Expect more raisins and other California products in South Korea

WASHINGTON — The San Joaquin Valley's famed dancing raisins can kick up their heels at the prospect of entering South Korea free of a tariff ball-and-chain.

Following years of negotiations and frustrations, a long-awaited free trade pact binding South Korea and the United States formally took effect Thursday. From the get-go, California farmers expect to reap big benefits.

"California raisins already have a high market share in Korea, but there is definitely room for growth, for more people to buy raisins, so the price coming down should help," said Chris Rosander, international programs coordinator for the Fresno-based Raisin Administrative Committee.

South Korean duties are now gone on raisins, almonds and wine, among other California products. California wine, for instance, will no longer be burdened by a 15 percent tariff. Raisins no longer have an 8 percent tariff.

All told, two-thirds of U.S. farm products now are free of South Korean tariffs. Even with tariffs, the United States exported more than $5.3 billion worth of agricultural products to the thriving Asian country in 2010.

"This will certainly open some more doors," said Bruce Blodgett, executive director of the San Joaquin County Farm Bureau in California. "As we get to the marketing season, that's where we're going to see the impact, hopefully."

For other crops, such as lemons, dried plums and carrots, the South Korea tariffs are dropping and eventually will phase out altogether, most within 10 years. The 40 percent beef tariff will phase out over 15 years.

Until the trade deal took effect, the average South Korean tariff on U.S. agricultural products was 52 percent.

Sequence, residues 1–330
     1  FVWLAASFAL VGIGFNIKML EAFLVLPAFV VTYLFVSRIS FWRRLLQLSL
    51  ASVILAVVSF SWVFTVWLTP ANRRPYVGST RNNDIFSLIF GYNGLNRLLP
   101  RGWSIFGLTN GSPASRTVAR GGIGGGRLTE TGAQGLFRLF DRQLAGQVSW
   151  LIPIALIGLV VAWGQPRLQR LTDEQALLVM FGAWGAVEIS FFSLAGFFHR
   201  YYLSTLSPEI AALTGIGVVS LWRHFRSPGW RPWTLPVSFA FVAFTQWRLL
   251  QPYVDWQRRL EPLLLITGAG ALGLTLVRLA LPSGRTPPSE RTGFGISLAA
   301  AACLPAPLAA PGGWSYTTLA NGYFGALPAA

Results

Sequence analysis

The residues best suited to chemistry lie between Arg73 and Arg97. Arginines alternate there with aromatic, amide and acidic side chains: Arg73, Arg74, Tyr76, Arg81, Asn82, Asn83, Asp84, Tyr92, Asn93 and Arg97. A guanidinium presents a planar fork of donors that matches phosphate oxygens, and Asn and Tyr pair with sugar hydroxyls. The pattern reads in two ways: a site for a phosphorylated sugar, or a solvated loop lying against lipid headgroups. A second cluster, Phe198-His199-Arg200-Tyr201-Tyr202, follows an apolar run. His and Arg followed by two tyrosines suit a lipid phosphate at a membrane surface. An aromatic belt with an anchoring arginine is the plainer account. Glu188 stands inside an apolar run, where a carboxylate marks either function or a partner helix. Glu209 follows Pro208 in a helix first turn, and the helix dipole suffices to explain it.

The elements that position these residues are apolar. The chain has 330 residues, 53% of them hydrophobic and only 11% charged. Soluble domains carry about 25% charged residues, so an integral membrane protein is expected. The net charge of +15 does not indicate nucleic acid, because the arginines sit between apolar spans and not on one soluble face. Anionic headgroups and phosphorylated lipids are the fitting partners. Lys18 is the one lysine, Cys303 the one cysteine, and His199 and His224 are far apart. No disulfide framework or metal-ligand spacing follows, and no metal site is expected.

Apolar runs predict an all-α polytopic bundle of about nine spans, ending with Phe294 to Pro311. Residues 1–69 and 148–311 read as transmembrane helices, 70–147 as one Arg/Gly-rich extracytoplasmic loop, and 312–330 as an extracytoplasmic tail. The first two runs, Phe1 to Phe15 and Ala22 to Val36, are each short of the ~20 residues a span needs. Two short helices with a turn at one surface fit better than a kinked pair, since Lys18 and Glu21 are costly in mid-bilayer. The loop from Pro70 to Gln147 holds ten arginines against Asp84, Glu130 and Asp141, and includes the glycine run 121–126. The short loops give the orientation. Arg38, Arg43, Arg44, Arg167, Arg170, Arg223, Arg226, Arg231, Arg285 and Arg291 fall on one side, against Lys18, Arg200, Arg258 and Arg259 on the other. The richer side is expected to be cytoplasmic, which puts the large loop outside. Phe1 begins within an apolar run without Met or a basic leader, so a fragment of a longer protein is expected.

"Today is a monumental day for American farmers and ranchers," Agriculture Secretary Tom Vilsack said Thursday.

Seeing immediate opportunity, the Fresno Center for International Trade Development already has scheduled an agricultural trade mission to South Korea and China in June. The trip is focusing on specialty crops.

Separately, Rosander noted that the Raisin Administrative Committee already has an industry representative based in Seoul, helping promote the product with events such as visiting South Korean schools accompanied by a character in dancing raisin costume.

"The kids seem to like it," Rosander said.

First negotiated under the George W. Bush administration, the South Korea trade deal goes well beyond agriculture.

Within the next five years, tariffs will be eliminated on 95 percent of industrial and consumer goods flowing between the two countries. Non-tariff barriers will likewise fall, covering everything from strict Korean auto safety standards to easier access for U.S. banks and investors.

California firms already export about $8 billion worth of products to South Korea annually, with computer and electronic products accounting for about one-quarter of the total. Korea is the state's fifth largest export market.

This trade deal, like many, has been a long time in the making.

As early as 2001, the U.S. International Trade Commission was asked by lawmakers to study the consequences of a potential South Korea free-trade pact. That initial 192-page study concluded that "the largest gains" from such a deal would occur in agriculture.

A follow-up study in 2007 predicted U.S. exports to South Korea would increase by about $10 billion annually once the deal is in full force, with dairy products projected to be particularly big winners. Domestic U.S. job losses would be "negligible" even as U.S. imports increase by about $6.5 billion, the trade commission predicted.

Viewed skeptically by some politically potent U.S. labor and environmental groups, the trade deal initially signed in June 2007 stalled until last year, when it won approval by wide margins in both the House and Senate.

Follow Michael Doyle on Twitter


Office of the U.S. Trade Representative


California farmers welcome free-trade deal

At long last, South Korean trade pact kicks in

Obama takes Colombia, Korea trade deals to Congress